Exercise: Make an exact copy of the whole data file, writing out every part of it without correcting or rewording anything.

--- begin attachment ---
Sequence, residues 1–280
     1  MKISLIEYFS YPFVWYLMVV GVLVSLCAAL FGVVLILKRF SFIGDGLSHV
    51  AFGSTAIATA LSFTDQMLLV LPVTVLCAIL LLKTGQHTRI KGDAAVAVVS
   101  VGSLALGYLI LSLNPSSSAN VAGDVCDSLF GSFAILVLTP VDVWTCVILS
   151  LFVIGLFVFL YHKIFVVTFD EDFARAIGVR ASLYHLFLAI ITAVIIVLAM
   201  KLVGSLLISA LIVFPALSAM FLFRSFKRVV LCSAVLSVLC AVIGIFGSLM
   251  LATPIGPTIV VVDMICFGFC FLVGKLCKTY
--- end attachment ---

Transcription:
Sequence, residues 1–280
     1  MKISLIEYFS YPFVWYLMVV GVLVSLCAAL FGVVLILKRF SFIGDGLSHV
    51  AFGSTAIATA LSFTDQMLLV LPVTVLCAIL LLKTGQHTRI KGDAAVAVVS
   101  VGSLALGYLI LSLNPSSSAN VAGDVCDSLF GSFAILVLTP VDVWTCVILS
   151  LFVIGLFVFL YHKIFVVTFD EDFARAIGVR ASLYHLFLAI ITAVIIVLAM
   201  KLVGSLLISA LIVFPALSAM FLFRSFKRVV LCSAVLSVLC AVIGIFGSLM
   251  LATPIGPTIV VVDMICFGFC FLVGKLCKTY